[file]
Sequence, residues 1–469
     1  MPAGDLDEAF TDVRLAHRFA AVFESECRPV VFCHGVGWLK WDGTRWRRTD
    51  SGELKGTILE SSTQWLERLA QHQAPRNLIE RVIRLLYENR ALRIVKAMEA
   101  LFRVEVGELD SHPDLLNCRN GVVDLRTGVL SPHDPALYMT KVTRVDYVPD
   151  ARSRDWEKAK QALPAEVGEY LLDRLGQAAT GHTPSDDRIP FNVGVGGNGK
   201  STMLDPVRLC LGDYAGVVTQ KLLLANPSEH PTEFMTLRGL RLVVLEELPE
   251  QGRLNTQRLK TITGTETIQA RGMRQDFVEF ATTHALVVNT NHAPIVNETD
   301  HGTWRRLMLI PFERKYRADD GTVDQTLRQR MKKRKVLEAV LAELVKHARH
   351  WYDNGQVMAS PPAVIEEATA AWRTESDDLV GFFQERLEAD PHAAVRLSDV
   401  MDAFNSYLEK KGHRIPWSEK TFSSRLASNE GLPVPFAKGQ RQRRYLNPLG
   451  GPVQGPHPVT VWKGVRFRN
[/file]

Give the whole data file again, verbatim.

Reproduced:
Sequence, residues 1–469
     1  MPAGDLDEAF TDVRLAHRFA AVFESECRPV VFCHGVGWLK WDGTRWRRTD
    51  SGELKGTILE SSTQWLERLA QHQAPRNLIE RVIRLLYENR ALRIVKAMEA
   101  LFRVEVGELD SHPDLLNCRN GVVDLRTGVL SPHDPALYMT KVTRVDYVPD
   151  ARSRDWEKAK QALPAEVGEY LLDRLGQAAT GHTPSDDRIP FNVGVGGNGK
   201  STMLDPVRLC LGDYAGVVTQ KLLLANPSEH PTEFMTLRGL RLVVLEELPE
   251  QGRLNTQRLK TITGTETIQA RGMRQDFVEF ATTHALVVNT NHAPIVNETD
   301  HGTWRRLMLI PFERKYRADD GTVDQTLRQR MKKRKVLEAV LAELVKHARH
   351  WYDNGQVMAS PPAVIEEATA AWRTESDDLV GFFQERLEAD PHAAVRLSDV
   401  MDAFNSYLEK KGHRIPWSEK TFSSRLASNE GLPVPFAKGQ RQRRYLNPLG
   451  GPVQGPHPVT VWKGVRFRN